4. the consequences of allowing Australian lawyers to enter into contingency fee agreements or a court to make a costs order based on the percentage of any judgment or settlement;

It is apparent from the first two topics in the list above that the Inquiry will have a strong economic focus – focusing not on issues relating to litigation funding at all, but rather on issues as to whether the Australian economy can afford to have a “robust” class action system as a whole (whether with or without the operation of litigation funders). This goes to a much more fundamental question about the utility of a class action system in Australia – a topic upon which the recommendations of the Joint Committee are unlikely to result in a ground-breaking shift.

It is apparent from the final two matters in the list above, that the Federal Government is not enamoured with the decision of the Victorian government to effectively go it alone and introduce a Bill allowing contingency fees for class actions in Victoria.

As reported on in our April and May editions of Insurance in MOtion, Victoria has taken a different approach to litigation funding – by proposing legislation that effectively makes it undesirable for plaintiff law firms to engage litigation funders; by permitting those law firms to charge a contingency fee (in a similar way to a litigation funder) thus making it less likely that the law firms will use litigation funding. Whether that proposed legislation will have the ultimate effect that the class members end up with a greater percentage of the settlement sum in their own hands will not be apparent until the proposed legislation is in practice. However, we can expect that the Joint Committee will issue a view on whether it is counter to the interests of the Federal class action system to have a State class action system operating on a different basis to the Federal system.

Submissions to the Joint Committee are due by 11 June 2020. We will keep you updated about the work of the Joint Committee.

Proposed Regulations Making Litigation Funders Subject to Prudential Oversight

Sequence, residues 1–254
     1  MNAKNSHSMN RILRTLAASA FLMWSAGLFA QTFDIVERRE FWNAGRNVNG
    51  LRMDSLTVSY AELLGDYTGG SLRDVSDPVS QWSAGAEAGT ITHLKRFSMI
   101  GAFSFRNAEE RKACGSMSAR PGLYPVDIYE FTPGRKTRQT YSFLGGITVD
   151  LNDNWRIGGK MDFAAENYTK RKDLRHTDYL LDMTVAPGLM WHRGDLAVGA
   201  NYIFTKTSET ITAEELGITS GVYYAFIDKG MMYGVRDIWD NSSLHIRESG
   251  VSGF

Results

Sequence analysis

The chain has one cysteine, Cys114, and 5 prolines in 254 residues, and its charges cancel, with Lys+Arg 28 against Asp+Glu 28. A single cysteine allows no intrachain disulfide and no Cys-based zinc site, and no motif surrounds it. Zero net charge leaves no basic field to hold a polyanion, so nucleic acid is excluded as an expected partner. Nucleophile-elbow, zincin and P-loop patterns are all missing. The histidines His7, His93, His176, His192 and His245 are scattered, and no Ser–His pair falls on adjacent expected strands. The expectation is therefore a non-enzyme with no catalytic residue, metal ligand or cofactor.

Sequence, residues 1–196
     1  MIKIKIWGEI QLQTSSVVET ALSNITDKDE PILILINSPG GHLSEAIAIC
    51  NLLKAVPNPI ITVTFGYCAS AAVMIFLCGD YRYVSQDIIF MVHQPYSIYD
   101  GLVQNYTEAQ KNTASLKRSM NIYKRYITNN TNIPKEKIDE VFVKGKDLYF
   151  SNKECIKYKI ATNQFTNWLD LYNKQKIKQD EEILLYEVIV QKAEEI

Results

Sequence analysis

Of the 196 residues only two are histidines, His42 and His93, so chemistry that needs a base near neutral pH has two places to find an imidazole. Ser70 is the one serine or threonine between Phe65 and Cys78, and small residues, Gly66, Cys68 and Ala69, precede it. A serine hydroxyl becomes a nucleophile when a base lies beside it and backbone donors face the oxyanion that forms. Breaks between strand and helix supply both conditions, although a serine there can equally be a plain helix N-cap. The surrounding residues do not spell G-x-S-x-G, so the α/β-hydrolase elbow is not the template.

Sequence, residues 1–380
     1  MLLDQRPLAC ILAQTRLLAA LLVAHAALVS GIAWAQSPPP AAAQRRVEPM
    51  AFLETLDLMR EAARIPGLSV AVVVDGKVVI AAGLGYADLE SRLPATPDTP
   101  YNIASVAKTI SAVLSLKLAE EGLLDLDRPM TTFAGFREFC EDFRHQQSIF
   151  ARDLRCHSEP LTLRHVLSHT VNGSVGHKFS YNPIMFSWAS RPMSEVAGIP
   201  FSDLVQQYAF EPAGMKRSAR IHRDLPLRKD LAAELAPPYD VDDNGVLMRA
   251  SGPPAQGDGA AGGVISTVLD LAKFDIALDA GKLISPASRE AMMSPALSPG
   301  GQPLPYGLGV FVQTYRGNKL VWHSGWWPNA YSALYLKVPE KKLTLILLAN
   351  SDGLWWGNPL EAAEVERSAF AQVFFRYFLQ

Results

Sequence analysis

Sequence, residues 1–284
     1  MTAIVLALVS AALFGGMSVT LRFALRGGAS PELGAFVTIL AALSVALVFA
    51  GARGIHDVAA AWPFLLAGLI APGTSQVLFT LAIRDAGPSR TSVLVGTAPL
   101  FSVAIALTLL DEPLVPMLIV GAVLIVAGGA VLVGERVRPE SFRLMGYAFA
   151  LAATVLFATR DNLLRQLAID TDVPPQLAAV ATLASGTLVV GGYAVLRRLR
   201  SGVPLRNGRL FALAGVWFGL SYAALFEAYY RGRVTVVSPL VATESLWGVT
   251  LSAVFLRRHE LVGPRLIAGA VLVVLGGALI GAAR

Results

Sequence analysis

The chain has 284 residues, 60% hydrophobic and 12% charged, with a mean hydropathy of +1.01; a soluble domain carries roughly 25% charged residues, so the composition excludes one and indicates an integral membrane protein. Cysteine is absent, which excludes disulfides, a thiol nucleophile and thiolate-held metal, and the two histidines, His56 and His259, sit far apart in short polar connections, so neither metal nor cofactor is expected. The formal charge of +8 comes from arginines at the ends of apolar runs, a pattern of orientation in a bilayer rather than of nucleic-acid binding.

Presently, litigation funders are not subject to prudential supervision or licensing requirements. The changes proposed by the Treasurer, which could commence operation in 3 months without the need to pass any amending legislation, will change that.

The changes will require the litigation funders to hold an Australian Financial Services Licence and comply with the managed investment scheme regime, removing current exemptions. Under the proposed Regulations, litigation funders will have to be licensed by ASIC and meet requirements to act fairly, maintain an appropriate level of competence and ensure they have adequate resources.

Litigation funders have complained of the cost of compliance with the proposed Regulations – said to be in the vicinity of $10,000 – $15,000 per year. It is unlikely that the (relatively modest) costs of compliance will deter the government from implementing the proposed Regulations.

Litigation funders are unlikely to challenge the Government’s ability to make the Regulations (rather than amend the Corporations Act, which would require an Act of Parliament), given they have a potentially more serious problem in the pending Joint Committee Inquiry, and there is little justification put forward by litigation funders as to why they should not be subject to prudential supervision.

Conclusion

There are two current moves by the Federal Government to review and change the way that litigation funders operate in Australia.

The recently announced Parliamentary inquiry into “Litigation funding and the regulation of the class action industry” and the even more recently announced proposed Regulations making litigation funders subject to regulatory oversight has got some asking:

Do the new moves spell the end of litigation funding in Australia? The answer is almost certainly no. However, litigation funders (and perhaps the Victorian government) may be feeling the blow torch when the Joint Committee inquiry reports back to Parliament on 7 December 2020.